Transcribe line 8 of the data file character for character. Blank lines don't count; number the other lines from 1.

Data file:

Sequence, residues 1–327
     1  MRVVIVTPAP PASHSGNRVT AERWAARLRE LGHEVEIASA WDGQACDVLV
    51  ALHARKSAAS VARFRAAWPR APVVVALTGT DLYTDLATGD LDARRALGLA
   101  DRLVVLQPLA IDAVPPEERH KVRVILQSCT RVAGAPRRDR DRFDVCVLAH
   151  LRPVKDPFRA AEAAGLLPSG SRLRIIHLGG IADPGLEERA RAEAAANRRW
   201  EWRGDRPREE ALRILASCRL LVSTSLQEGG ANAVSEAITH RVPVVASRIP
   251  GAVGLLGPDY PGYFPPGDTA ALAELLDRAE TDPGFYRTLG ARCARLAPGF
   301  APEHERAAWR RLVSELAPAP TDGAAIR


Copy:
   301  APEHERAAWR RLVSELAPAP TDGAAIR